Avalanche Advisory for Monday, 3-19-2012

This advisory expires at midnight, Monday, 3-19-2012

Tuckerman Ravine has Low avalanche danger. Natural and human triggered avalanches are unlikely.

Huntington Ravine is under a General Advisory. You will need to do your own snow stability assessments when using avalanche terrain in Huntington. A danger of falling ice exists, and will persist until it all comes down.

And it continues…another day with record breaking temperatures for Mt. Washington. The only difference for today will be some clouds and a slight chance of a rain shower. In case you spent the weekend watching basketball games in your basement man cave, the weather was unbelievably hot and sunny for the middle of March. Overall traffic was lighter than expected, but there were several hundred people each day testing the resiliency of last year’s bottle of sunblock and enjoying turns. Sources tell us that about 100 or so people were in Huntington on Saturday, more than I’ve ever seen there in a single day. Over the past week or so, winter has rapidly disappeared and springtime has fully overtaken the mountain. This has brought on the full range of spring conditions and associated hazards. The laundry list of items you should know about includes:

  • Falling Ice. Both Tuckerman and Huntington have a lot of ice hanging on the steep slopes, waiting to crash to the floor. It’s been cooking in the sun for a week or so, getting weaker by the day. This will come down at some point, and you don’t want to be nearby when it goes. Lunch Rocks sits in the fall zone of the most dangerous ice in Tuckerman, so don’t think of Lunch Rocks as a safe place to sit!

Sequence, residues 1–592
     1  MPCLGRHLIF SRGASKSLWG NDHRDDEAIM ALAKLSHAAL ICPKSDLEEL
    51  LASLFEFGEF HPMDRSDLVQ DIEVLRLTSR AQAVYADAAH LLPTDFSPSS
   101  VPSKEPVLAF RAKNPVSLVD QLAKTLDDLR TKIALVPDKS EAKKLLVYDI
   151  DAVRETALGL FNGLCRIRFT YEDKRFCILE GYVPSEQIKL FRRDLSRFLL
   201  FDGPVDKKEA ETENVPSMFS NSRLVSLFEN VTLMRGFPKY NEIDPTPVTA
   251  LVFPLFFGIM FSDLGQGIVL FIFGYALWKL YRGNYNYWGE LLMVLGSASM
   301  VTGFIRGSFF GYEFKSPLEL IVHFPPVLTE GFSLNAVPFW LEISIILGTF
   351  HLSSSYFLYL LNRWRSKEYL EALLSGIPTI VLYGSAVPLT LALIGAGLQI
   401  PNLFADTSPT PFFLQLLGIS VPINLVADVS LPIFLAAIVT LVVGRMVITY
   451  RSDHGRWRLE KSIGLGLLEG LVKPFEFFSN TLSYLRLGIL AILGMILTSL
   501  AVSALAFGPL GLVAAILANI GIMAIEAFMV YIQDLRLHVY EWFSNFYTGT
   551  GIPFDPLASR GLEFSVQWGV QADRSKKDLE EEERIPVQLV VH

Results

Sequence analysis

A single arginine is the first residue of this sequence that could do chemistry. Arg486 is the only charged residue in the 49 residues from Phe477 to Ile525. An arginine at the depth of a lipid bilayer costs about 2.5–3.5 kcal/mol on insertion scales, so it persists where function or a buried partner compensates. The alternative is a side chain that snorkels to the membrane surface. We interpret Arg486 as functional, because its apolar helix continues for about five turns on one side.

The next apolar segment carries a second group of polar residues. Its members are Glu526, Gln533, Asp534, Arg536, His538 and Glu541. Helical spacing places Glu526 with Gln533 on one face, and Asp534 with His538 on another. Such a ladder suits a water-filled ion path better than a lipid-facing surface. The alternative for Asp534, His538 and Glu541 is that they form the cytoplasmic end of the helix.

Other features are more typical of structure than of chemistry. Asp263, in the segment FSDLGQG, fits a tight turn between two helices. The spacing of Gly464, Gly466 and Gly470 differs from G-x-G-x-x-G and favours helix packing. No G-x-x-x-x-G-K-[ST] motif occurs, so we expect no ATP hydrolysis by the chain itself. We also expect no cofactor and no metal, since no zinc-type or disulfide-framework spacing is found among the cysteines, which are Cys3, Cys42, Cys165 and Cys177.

• The Little Headwall is no longer an option for exiting Tuckerman Ravine. The fastest and easiest way down is to pack up your skis and hike down to Hermit Lake.
  • Crevasses and the waterfall hole are beginning to open up under the ice in the Headwall and near the Lip. The growth of these over the past few days has been impressive. Give them wide berth, because they’re going to be larger underneath the snow than the opening you can see at the surface.
  • The Sherburne Ski Trail has been melting quickly. We anticipate closing the lower sections of the trail beginning early this week. When you get to the rope, head over to the hiking trail for the rest of the way down.
  • The Lion Head winter route is now closed. Please avoid using this route to avoid damaging the soil on the steep section of trail. The summer trail is open but does have a lot of snow on it. Plan for wet snow and postholing over the next several days.

We’d like to thank everyone who helped out with rescue efforts on Saturday. It’s been a long time since we’ve had a helicopter land on the floor of the ravine, and we could not have done this without everyone’s cooperation. So even if all you did was stay out of the way, we thank you.

Please remember:

  • Safe travel in avalanche terrain requires training and experience. This advisory is just one tool to help you make your own decisions in avalanche terrain. You control your own risk by choosing where, when, and how you travel.
  • Anticipate a changing avalanche danger when actual weather differs from the higher summits forecast.
  • For more information contact the Forest Service Snow Rangers, the AMC at the Pinkham Notch Visitor Center, or the caretakers at Hermit Lake Shelters or the Harvard Cabin.  
  • A new advisory will be issued tomorrow.

Jeff Lane, Snow Ranger
USDA Forest Service
White Mountain National Forest
(603) 466-2713 TTY (603) 466-2856

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